Can an Anti-Trump Republican Win a Special Election in Texas?

Michael Wood voted for Donald Trump in 2020 because of his strong record on deregulation, Israel, the 2017 tax bill, and Supreme Court justices. 

“You line all that up against—in early November 2020—an increasingly radicalized Democratic Party that was talking about packing the Supreme Court, abolishing the filibuster, statehood for Puerto Rico, statehood for D.C., Medicare for all,” he said. “So in November 2020, I felt like I didn’t really have a choice, which is why I voted for Donald Trump.” 

His tepid support for Trump leading up to November 3 has since evaporated. “Everything since Election Day, including January 6, really shook me to the core,” he said. “The commander in chief of the most powerful military in the history of the world, leaning on local elections officials in Georgia to ‘find’ a few thousand ballots? That’s outrageous. And if a Democratic president had done that, Republicans would be in the streets screaming ‘sic semper tyrannis.’”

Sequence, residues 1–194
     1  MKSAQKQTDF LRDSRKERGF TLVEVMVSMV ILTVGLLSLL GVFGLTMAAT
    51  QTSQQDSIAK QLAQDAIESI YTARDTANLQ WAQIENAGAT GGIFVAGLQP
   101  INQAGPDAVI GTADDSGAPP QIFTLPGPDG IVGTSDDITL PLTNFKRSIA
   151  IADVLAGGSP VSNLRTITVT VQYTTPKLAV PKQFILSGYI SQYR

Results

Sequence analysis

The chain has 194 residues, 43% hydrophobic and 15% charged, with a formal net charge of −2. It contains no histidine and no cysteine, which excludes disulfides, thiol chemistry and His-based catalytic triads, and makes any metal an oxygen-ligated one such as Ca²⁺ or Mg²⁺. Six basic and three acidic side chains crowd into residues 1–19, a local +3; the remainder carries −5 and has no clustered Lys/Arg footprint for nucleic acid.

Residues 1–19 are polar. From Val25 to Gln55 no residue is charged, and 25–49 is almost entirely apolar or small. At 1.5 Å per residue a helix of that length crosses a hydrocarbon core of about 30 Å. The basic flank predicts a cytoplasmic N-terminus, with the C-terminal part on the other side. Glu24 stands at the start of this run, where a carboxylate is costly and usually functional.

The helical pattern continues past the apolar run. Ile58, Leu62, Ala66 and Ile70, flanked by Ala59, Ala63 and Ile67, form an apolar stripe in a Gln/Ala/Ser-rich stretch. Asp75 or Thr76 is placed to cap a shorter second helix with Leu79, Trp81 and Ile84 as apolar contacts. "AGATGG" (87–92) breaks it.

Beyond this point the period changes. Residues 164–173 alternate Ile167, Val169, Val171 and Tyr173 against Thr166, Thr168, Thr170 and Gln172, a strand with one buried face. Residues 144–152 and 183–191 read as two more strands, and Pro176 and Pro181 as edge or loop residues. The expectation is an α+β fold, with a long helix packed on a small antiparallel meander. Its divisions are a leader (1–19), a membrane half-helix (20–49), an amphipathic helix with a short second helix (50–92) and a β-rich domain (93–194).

Wood is one of 23 candidates running in Texas’s 6th Congressional District race to succeed the late Rep. Ron Wright. Wright, who had been battling lung cancer, died in February after testing positive for COVID-19. The race will proceed as a special election: If no candidate secures more than 50 percent of the vote on May 1, the top two contenders will compete in a midsummer runoff.

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